The city Department of Education awarded outside vendors $342 million in contracts in the last three years without following competitive bidding procedures that are standard across other city agencies, an audit released today by the state comptroller, Thomas DiNapoli, has found. School officials are allowed to offer no-bid contracts, but only if they follow certain guidelines, and the audit declares that Bloomberg administration officials often did not follow its own regulations.

For instance, vendors often won the no-bid contracts without any proof that avoiding the regular process would save the city money. In some cases, school officials actually destroyed records about the contracting process, the audit found.

School officials told auditors that the records were destroyed “mistakenly” and that the employee who destroyed them has been given training “to prevent future problems.” Speaking to reporters today, Schools Chancellor Joel Klein said the school system would compile better documentation in the future, but he pointed out that the audit found no cases of contracts that cost the city money or were of poor quality. He also said that a majority of the 291 no-bid contracts are with vendors that operate prekindergarten classes.

The audit addresses this point, saying that the purpose of the investigation was never to look into the quality and costs of the contracts, but rather the procedures the department followed in awarding them.

The audit also found that nearly 200 contracts began before a committee charged with vetting the contracts ever reviewed them, and others were not publicly advertised until after they were approved. The contract with the Alvarez & Marsal consulting firm that attracted attention because some of A&M’s work led to a bus rerouting that left children stranded in the middle of winter was not listed publicly in the City Record until 25 days after it was approved, the audit found.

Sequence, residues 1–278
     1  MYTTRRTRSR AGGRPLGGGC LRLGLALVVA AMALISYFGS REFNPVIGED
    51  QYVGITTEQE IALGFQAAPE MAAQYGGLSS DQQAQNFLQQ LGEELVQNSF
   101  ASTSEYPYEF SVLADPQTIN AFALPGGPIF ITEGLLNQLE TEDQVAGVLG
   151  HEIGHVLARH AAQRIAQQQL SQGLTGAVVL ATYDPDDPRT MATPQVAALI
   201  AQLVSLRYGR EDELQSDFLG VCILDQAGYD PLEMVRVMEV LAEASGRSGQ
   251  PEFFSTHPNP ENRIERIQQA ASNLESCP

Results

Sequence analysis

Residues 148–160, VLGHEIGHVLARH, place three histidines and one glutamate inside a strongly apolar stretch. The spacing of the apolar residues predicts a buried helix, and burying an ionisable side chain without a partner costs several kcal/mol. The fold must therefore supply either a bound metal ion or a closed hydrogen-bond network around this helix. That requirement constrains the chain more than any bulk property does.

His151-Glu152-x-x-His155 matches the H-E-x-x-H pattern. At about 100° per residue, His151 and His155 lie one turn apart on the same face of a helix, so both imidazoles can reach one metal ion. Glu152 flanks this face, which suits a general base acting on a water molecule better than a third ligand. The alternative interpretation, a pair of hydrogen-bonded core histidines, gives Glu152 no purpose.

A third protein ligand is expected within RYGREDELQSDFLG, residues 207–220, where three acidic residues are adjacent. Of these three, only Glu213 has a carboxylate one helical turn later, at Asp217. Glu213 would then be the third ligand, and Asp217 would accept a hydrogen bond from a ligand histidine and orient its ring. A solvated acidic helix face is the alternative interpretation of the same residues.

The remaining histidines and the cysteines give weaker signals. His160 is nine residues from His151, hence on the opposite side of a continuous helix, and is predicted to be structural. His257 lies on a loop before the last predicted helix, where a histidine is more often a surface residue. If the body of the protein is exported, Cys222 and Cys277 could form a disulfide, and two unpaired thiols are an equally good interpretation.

DiNapoli conducted the audit at the request of the city’s public advocate, Betsy Gotbaum, who has criticized the Bloomberg administration for years for handing out too many no-bid contracts. In an interview today, Gotbaum said that the results of the audit were upsetting. “Where’s the transparency? Where’s the accountability?” she asked.

In a formal response to the audit, Deputy Chancellor Kathleen Grimm defended the department’s contracting process, saying that officials did examine cost-effectiveness and that flexibility is sometimes required or an obvious choice in contracting, such as when an initiative is already underway and changing vendors would unsettle a project.

Gotbaum said the audit underscores a recommendation by a commission she created on school governance, that the Department of Education should be subject to the same contracting rules as other city agencies.

Klein said that the reverse is true; the audit shows extra oversight is not needed. “You just had the oversight!” he said. “What this shows is that the process is basically sound,” Klein said earlier. “I’ve seen lots of audits. I’ve never seen one that didn’t say you couldn’t follow procurement rules a little closer.”